Ever been given a job you weren’t quite sure you could handle? Ever faced a situation you were pretty sure was too big for you? What did you do? Sometimes a little encouragement gets us a long way.
I worked as an outdoor education instructor for several months. I loved almost everything about that job. I taught orienteering, wall climbing, high and low ropes, group cooperative games, cross-country skiing, snowshoeing, pond studies, sugar bush tours, etc. All the joys of being a teacher but no marking, no parents, no discipline. It ROCKED!
One of my favorite activities was teaching high ropes. These are a series of cables and ropes suspended between tall trees in the bush up to 30feet or 9metres in the air. We had a telephone pole suspended horizontally between two trees about 7ft in the air and I loved nothing more than to climb up after the students were done and do gymnastic dismounts off it.
The first day I was required to set up the high ropes course on my own (without my boss in the trees with me) was daunting. I stood on a platform close to 20feet off the ground in a tree looking down at my 6ft+ boss. He normally towered over me, but at that moment he looked quite small and distant.
I had to climb beyond the platform another ten feet to set up the highest element, and part of the task required me to hang on to the tree with my legs so my hands were free to set up the pulley and top belay rope for the students. Hard to explain, but trust me it was intimidating.
I got ready to climb, double-checking my gear (climbers are a paranoid lot), and hesitated. I wasn’t afraid of heights, I was afraid of failing. I was afraid I wasn’t up to the job and my boss was going to have to climb up and talk me down like we’d both done for students paralyzed with fright.
I peered around the tree and looked down. He was focused entirely on me, his climbing gear on the ground next to him. Spoke volumes of his trust that he didn’t even put his gear on. He shielded his eyes from the sun poking through the tree canopy above us.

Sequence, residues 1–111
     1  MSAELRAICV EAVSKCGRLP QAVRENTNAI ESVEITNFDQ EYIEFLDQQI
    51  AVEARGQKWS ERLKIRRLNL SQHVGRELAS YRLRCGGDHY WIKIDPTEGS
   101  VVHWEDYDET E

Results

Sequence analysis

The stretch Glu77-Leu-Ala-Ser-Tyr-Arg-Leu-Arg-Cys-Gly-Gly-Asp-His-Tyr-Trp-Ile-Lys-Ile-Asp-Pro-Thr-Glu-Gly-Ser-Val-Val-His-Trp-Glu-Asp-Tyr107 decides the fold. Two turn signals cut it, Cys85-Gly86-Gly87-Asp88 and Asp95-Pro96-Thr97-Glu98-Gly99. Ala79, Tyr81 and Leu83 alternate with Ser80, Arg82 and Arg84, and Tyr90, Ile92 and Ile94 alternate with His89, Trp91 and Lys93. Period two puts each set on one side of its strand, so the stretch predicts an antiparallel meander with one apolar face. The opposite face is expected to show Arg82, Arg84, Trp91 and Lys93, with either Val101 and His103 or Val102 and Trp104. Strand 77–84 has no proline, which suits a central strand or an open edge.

“Do you really think I can do this?” I said and looked up at the remaining climb.
“Yep.” No hesitation in his voice, no wavering in his stance. He had complete confidence I could do this. His body language was an emphatic pat on the back. I finished the job without mishap.
A word well-spoken continues to encourage…
It then became my job to set up the high ropes course on my own. My boss’ confidence in me carried me through that first solo expedition, but also through a later near-disaster. I had set up the highest element and was on my way down the tree when my a sliding lock on my gear got stuck. I pulled out the pliers I kept on my belt for just such an occasion, and dropped them.
So, there I hung in a maple tree 25 feet in the air in the middle of the bush. I knew eventually the class would arrive and find me there, so rescue would not be long in coming, but I was desperate to spare myself the embarrassment. Then my boss’ encouragement came to me again. Can I do this? Yep. I took a deep breath, and tried the lock again. It came loose and I climbed down. Didn’t tell him I had been stuck up there or that I dropped my pliers until the day I had to rescue him for the very same reason. *grin*
My boss taught me many things, but one of his biggest legacies on my life was the importance of encouragement. Earned praise carries you a long ways, and someone’s confidence in your character and/or abilities is sometimes the final push we need to try something new, reach for the next goal, or step out on that limb and take a chance. Praise that’s earned but freely bestowed helps us in amazing ways, and having someone we respect put their confidence in us is something you can’t really put a value on.
Has someone encouraged you at just the right moment to help you succeed? Has someone’s trust or praise helped you do something you thought you couldn’t?
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